However, commercial aircraft continue to fly, with no contaminated air warning systems to inform passengers and crews when the air they are breathing is contaminated.”

Jetliner Cabins Are Quickly Cleared of Virus, Pentagon Says

“Particles the size of the new coronavirus are quickly purged from a commercial aircraft cabin, according to a U.S. Defense Department study touted by United Airlines Holdings Inc. in its effort to reassure wary travelers.

Filtration systems and rapid air-exchange rates mean that only about 0.003% of infected particles entered a masked passenger’s breathing zone, said the report, released Thursday.”

Aircraft Air Quality – Protecting Against Contaminants, Association of Flight Attendants

“On October 5, 2018, a 5-year FAA bill became law. Included in the bill is a study on technologies to combat contaminated bleed air. This is significant progress!”

‘Contaminated air’ on planes linked to health problems, 21 June 2017

AEROTOXIC SYNDROME: A NEW OCCUPATIONAL DISEASE?, Public Health Panorama, Volume 3, Issue 2, June 2017

Influenza Air Transmission, Influenza A (H1N1) Blog, September 28, 2009

“What does this tell us? Aerosols, very small particles of saliva containing the virus we exhale when we sneeze or even when we breathe if we have the flu, probably have an important role in the transmission of influenza. In addition to that we have public transportation, with a great number of people circulating in a place that may be closed and badly ventilated at times and we may have a notion of the importance of public campaigns that promote education and awareness of contaminated people to avoid leaving their homes when they have the flu and that they cover their mouth and nose with a disposable tissue when they sneeze and discard it right after that.”

2006

Tuberculosis and Air Travel: Guidelines for Prevention and Control

“The revised International Health Regulations, adopted in 2005, provide a legal framework for a more effective coordinated international response to emergencies caused by outbreaks of infectious diseases. A number of provisions are relevant to the detection and control of TB during air travel, strengthening the authority of WHO and of national public health authorities in this domain. Because of these important developments since the original guidelines were issued in 1998, WHO has prepared this revised version to take account of current public health risks that may arise during air travel and new approaches to international collaboration in dealing with them. The guidelines were developed with the collaboration of international experts in air travel medicine and other authorities. Implementing the recommendations will help to reduce the spread of dangerous pathogens across the globe and decrease the risk of infection among individual travellers.

An outbreak of influenza aboard a commercial airliner, American Journal of Epidemiology, Volume 110, Issue 1, July 1979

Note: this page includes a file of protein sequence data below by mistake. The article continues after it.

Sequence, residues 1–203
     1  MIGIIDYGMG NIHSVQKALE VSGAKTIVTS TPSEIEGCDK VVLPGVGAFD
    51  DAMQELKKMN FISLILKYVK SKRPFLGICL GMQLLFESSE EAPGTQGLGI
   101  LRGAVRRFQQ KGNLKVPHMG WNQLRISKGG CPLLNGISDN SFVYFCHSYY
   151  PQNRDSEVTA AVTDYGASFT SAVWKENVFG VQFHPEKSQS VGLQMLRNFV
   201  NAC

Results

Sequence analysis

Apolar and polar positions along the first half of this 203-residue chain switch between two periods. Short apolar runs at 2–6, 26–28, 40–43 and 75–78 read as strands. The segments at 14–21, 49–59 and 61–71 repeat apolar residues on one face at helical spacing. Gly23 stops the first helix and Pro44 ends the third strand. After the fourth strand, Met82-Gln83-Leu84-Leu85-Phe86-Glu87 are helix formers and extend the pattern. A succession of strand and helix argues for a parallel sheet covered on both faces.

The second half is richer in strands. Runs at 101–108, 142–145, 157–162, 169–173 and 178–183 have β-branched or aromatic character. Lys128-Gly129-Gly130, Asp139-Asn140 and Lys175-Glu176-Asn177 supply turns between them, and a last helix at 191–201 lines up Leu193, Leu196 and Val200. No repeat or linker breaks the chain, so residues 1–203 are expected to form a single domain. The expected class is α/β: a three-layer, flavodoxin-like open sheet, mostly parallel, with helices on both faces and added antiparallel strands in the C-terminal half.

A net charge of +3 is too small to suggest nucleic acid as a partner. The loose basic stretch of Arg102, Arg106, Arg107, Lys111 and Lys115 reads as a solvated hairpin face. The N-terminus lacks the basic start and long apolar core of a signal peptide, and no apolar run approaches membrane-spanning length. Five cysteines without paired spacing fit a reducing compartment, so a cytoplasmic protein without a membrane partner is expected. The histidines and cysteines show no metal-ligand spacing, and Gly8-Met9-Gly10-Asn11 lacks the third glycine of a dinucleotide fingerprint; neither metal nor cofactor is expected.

“A Jet airliner with 54 persons aboard was delayed on the ground for three hours because of engine failure during a takeoff attempt. Most passengers stayed on the airplane during the delay. Within 72 hours, 72 per cent of the passengers became III with symptoms of cough, fever, fatigue, headache, sore throat and myalgia. One passenger, the apparent Index case, was III on the airplane, and the clinical attack rate among the others varied with the amount of time spent aboard. Virus antigenlcally similar to A/Texas/1/ (H3N2) was Isolated from 8 of 31 passengers cultured, and 20 of 22 ill persons tested had serologic evidence of infection with this virus. The airplane ventilation system was inoperative during the delay and this may account for the high attack rate.”

The Airliner Cabin Environment and the Health of Passengers and Crew.

“At the end of its review of health data in the 1986 report The Airliner Cabin Environment: Air Quality and Safety, the National Research Council (NRC) committee concluded that “available information on the health of crews and passengers stems largely from ad hoc epidemiologic studies or case reports of specific health outcomes [and] conclusions that can be drawn from the available data are limited to a great extent by self-selection…and lack of exposure information” (NRC 1986). This chapter reviews data on possible health effects of exposure to aircraft cabin air that have emerged since the 1986 report and the emergence of data resources (e.g., surveillance systems) and studies that have particular relevance for the evaluation of potential health effects related to aircraft cabin air quality. Selected earlier sources are also reviewed. The decision to ban tobacco-smoking on domestic airline flights in 1987 and on flights into and out of the United States in 1999 reduces the relevance of some studies of exposures and reported signs and symptoms that clearly could have been related to the products of tobacco smoke.” 

ORCID iD: https://orcid.org/0000-0001-5311-1052.

© David South Consulting 2021